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MXR Carbon Copy Deluxe Analog Delay Pedal

Taking carbon copy to a whole new level ...


by Chris Loeffler



A personal aside (feel free to skip the next two paragraphs if you just want the review!)- Ten years ago, new-production analog delay pedals were as rare as hen’s teeth (aside from the EHX Memory Man, a pedal whose sound I love but low headroom doesn’t work for me outside of recording) and I purchased a Mason AD-900 (original two chip configuration) for around $250 direct from the factory in Japan and waited… and waited for it to arrive from a slow boat from the East. It was a fantastic pedal, and upon its arrival I was convinced I may be holding one of the last new production delays as NOS chips were disappearing, increasing costs at the same time a certain green modeling delay had essentially become the new standard for pedalboards.


Around this same time, a former co-worker of mine had taken a marketing position at Jim Dunlop, maker of Dunlop, MXR, and Way Huge effects, and I stayed at his house while attending a music festival at Golden Gate Park. Well aware of my financially unhealthy relationship with effects pedals, he had a huge grin on his face when we met up the first evening and showed me what was part of the first run of the yet-to-be announced MXR Carbon Copy. The green sparkle on the enclosure was a slightly different hue than the final production piece, but otherwise there it was, a new production analog delay, with modulation, designed by none-other than Jeorge Tripps fresh from his tenure at Line 6, that had a target street price of $150 street. After a gentleman’s agreement that I wouldn’t let the cat out of the bag, he sent me home with the pedal. That marked, to me, the resurgence of the analog delay as a viable mainstay in the effects world.


Fast-forward ten years later and we are in the renaissance of analog delays, with features that seemed impossibly incompatible withe the antiquated circuitry of analog circuitry (tap tempo, MIDI, delay times in excess of 1000MS), which brings us to the recently released big brother of the MXR Carbon Copy, the MXR Carbon Copy Deluxe.


What You Need to Know


The MXR Carbon Copy Deluxe is an all analog delay pedal with modulation available to apply to the delayed signal for sweet, undulating repeats. The delay line is controlled by Mix (blend), Regen (number of repeats), Delay (delay time) and a Tap-Tempo foot switch. The modulation side, previously set with trim pots inside the pedal, is now controlled on the front of the pedal, with Speed and Width settings to control how fast and deep the LFO bends the chorus effect. A Bright soft-push button was added to select between the darker tone of the original Carbon Copy and the subsequently issued Carbon Copy Bright, and a Tap Division soft-push button selects between dotted 8ths, 8ths triplets, and 16ths in relation to the tempo tapped. An expression pedal output between the input and output jacks allows for a number of functions, and internal controls for Dry Mix and Input Gain tailor the pedal for studio functions and non-guitar uses.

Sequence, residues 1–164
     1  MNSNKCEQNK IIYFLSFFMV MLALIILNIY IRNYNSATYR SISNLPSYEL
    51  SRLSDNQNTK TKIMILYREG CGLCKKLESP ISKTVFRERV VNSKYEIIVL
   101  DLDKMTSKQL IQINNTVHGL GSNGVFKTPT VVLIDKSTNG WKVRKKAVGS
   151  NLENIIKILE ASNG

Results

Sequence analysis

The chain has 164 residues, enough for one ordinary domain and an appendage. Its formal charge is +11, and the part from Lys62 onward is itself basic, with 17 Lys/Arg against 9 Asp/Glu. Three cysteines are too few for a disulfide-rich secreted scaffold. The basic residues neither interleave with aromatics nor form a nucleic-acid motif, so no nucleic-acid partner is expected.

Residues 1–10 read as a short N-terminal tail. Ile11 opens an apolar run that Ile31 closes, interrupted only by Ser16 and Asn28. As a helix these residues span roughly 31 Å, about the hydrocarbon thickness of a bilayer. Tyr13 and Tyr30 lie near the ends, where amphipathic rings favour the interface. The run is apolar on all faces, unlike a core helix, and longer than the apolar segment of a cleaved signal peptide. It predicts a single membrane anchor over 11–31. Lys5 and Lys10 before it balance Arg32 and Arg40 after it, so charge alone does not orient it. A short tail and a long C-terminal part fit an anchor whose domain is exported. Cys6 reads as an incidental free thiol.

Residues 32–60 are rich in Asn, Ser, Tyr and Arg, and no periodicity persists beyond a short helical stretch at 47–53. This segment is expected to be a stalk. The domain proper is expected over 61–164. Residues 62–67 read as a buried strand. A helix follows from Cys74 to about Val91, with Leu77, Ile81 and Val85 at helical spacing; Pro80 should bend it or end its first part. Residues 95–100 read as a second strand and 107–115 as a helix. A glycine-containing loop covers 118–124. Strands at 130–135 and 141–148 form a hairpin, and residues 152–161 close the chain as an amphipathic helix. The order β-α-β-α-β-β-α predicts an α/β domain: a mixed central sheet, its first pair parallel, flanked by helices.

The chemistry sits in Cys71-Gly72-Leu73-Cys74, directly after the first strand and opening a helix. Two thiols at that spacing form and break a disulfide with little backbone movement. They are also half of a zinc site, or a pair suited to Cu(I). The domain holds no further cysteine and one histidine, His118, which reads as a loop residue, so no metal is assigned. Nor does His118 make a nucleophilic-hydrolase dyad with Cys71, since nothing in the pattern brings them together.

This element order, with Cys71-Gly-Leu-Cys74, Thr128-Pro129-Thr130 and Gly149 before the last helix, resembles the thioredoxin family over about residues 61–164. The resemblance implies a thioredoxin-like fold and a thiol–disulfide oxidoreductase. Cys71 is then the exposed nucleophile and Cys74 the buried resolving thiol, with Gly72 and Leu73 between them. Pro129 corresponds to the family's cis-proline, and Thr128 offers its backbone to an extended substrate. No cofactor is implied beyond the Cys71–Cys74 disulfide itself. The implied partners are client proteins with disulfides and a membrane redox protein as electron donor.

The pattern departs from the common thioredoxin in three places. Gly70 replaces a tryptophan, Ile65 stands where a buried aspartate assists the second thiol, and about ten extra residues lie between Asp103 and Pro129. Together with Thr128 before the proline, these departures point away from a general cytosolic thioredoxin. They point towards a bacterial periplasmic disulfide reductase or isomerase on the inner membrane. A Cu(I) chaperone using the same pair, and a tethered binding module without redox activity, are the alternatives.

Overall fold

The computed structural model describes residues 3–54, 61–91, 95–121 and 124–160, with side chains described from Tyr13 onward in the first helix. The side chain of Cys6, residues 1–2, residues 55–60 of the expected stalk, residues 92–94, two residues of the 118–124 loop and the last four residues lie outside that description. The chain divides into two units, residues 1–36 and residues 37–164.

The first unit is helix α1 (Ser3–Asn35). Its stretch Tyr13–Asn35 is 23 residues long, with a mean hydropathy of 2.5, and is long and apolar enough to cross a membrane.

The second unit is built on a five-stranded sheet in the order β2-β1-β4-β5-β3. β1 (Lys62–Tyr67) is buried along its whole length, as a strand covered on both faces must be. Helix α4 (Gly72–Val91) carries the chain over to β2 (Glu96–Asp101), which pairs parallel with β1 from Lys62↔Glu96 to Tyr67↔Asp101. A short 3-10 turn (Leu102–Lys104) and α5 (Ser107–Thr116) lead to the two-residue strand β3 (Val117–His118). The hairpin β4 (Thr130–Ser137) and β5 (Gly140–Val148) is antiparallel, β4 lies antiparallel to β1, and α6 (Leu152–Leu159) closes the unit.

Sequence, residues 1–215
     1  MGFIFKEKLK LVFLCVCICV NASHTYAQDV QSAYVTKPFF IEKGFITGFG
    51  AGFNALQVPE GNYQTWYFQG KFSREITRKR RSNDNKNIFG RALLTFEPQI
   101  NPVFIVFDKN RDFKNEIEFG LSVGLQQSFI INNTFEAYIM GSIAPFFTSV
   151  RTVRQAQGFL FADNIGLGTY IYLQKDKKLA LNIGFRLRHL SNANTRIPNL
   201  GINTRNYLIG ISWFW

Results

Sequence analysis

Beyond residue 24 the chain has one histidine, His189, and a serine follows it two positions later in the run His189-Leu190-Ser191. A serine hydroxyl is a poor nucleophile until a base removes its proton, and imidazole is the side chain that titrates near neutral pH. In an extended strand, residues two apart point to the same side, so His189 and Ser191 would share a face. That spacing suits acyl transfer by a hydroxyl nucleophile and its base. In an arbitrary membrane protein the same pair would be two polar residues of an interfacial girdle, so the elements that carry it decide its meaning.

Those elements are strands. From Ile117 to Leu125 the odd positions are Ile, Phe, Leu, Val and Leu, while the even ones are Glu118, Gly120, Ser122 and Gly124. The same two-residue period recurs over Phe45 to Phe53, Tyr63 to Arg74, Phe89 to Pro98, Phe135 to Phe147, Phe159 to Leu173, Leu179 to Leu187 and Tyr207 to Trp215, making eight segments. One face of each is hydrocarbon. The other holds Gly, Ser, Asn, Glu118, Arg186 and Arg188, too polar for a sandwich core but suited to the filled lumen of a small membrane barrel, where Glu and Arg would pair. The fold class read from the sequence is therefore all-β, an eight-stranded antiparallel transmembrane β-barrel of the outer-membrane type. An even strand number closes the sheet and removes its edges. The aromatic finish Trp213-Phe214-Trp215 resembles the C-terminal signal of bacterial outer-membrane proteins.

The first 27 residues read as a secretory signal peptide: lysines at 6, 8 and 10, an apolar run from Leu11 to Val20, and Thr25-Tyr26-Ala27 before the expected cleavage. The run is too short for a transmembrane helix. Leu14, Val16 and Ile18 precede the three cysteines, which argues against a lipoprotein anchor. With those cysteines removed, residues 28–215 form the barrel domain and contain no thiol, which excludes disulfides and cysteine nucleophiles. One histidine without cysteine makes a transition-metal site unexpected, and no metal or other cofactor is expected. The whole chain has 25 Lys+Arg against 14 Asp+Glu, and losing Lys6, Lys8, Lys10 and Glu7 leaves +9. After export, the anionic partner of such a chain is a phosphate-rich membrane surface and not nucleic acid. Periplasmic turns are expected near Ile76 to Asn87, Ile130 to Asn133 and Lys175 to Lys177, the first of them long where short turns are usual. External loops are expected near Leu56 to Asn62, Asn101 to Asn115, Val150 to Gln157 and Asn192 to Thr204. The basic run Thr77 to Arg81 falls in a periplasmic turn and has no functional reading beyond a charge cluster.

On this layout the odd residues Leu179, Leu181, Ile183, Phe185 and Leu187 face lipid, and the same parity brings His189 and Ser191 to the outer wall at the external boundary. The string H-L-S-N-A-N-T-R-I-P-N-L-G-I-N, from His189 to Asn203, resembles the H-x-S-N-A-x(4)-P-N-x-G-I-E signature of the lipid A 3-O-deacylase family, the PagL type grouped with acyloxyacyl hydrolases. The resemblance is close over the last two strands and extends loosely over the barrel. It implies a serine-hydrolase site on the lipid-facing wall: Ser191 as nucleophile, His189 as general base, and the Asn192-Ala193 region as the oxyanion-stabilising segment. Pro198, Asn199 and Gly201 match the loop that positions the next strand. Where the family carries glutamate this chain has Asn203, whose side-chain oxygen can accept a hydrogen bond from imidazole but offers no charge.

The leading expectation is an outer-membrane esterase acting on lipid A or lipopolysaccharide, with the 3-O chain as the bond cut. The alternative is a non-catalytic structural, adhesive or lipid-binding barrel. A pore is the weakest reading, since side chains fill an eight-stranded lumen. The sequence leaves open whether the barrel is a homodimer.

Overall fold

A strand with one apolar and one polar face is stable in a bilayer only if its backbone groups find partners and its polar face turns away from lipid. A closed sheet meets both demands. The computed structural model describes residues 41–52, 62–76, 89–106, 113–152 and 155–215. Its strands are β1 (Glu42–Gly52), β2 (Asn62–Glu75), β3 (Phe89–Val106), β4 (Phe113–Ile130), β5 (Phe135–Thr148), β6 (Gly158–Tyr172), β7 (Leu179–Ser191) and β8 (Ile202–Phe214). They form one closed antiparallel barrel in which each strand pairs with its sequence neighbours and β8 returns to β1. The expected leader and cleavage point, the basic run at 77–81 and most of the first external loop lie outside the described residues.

The delay time in the MXR Carbon Copy Deluxe is double that of the original Carbon Copy at 1200MS, and in dark mode sits slightly back in the mix with nominal sonic artifacts even when turned all the way up. The delay has a slightly softener attack than the notes it is replicating, and sounds more similar to a vintage AD-9 than it does a DM-2. The Bright mode indeed increases the high-end of the delayed signal and brings it more prominently into the mix, a feature especially helpful for The Edge styled syncopated patterns.


The modulation signal can be modified from anything from shallow, slow waves of pitch modulation to pitch-bending Leslie type sounds. I found it to have slightly less character than a Deluxe Memory Man but more stability and signal purity.


The Expression Out jack can be paired with the (not included) DVP3 and DVP4 volume pedals from Dunlop or the M119 tap tempo switch from MXR. An expression pedal or external tap tempo can be used to toggle between two entirely different delay settings (all parameters can be adjusted except Mix and Regen), and the external tap tempo can also be used for hands-free activation of the modulation section or tap division.




The MXR Carbon Copy Deluxe can be powered by a 9v battery, but the battery life likely wouldn’t make it through a gig.




The MXR Carbon Copy Deluxe has pretty much every feature available for an analog delay; luxuriously long repeats, low noise, flexible modulation, and tap tempo. It also sounds great, and the ability to toggle between the dark and bright modes gives the best of both worlds of analog delay smeariness and upfront, hi-fi tones. -HC-




MXR Carbon Copy Deluxe Analog Delay Product Page


Buy MXR Carbon Copy Deluxe at Sweetwater (MSRP $328.56, Street $229.99)







Chris Loeffler is a multi-instrumentalist and the Content Strategist of Harmony Central. In addition to his ten years experience as an online guitar merchandiser, marketing strategist, and community director he has worked as an international exporter, website consultant and brand manager. When he’s not working he can be found playing music, geeking out on guitar pedals and amps, and brewing tasty beer. 


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